Also deteriorating the relationship is Egypt's continued blocking of the Rafah crossing, which has been closed since July 5. This has worsened the humanitarian crisis in Gaza, especially among the increasing number of people who urgently need to travel. The Ministry of Interior in Gaza announced Aug. 27 that Egypt does not intend to open the crossing soon, although the ministry hopes that Egypt will ultimately open it permanently without impediments.
Mushir al-Masri, spokesman for Hamas’ parliamentary bloc in the Palestinian Legislative Council, briefed Al-Monitor on relations between Hamas and Egypt and their future. "Hamas wants to build a strategic relationship with Egypt … by directing their efforts against their common enemy — Israel. Although Egypt and Hamas are still in contact, relations deteriorated because of Egypt. The recent events, including the abduction of the four men [a year ago], Shoukry’s statements and the ongoing closing of Rafah crossing have added insult to injury, although Hamas wants to mend its relations with Egypt, but not as a result of blackmail and pressure.”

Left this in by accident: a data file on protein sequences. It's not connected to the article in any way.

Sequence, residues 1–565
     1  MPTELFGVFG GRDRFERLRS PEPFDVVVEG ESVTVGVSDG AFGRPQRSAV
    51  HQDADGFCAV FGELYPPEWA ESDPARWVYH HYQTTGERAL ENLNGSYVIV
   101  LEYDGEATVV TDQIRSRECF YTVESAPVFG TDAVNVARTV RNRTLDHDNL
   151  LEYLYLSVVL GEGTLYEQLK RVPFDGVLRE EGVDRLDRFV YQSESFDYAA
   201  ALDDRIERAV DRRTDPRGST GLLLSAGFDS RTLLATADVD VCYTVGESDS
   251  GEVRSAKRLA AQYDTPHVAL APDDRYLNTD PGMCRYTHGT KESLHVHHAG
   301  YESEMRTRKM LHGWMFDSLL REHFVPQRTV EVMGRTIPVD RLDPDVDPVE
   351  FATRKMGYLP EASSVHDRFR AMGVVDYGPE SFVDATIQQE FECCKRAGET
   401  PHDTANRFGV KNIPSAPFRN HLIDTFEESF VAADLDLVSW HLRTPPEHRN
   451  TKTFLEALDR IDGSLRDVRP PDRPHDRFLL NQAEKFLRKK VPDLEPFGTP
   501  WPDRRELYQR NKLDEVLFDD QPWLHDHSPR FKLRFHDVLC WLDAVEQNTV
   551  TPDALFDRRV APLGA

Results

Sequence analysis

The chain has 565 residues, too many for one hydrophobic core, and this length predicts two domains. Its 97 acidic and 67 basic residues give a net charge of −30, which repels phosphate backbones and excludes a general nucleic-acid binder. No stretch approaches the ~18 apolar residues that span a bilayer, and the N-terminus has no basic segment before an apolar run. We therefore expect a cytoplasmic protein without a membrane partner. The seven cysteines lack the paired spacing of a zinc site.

It's no longer a secret that Hamas-Egypt relations are closer to disintegration than repair. As long as the reasons behind the crisis — including a worsening rivalry between Hamas and Fatah — remain unaddressed, the relations are unlikely to reach the hoped-for detente. Egypt and Hamas could enter a vicious circle of pressure from Egypt and condemnation from Hamas, with both sides ignoring the potential outcome.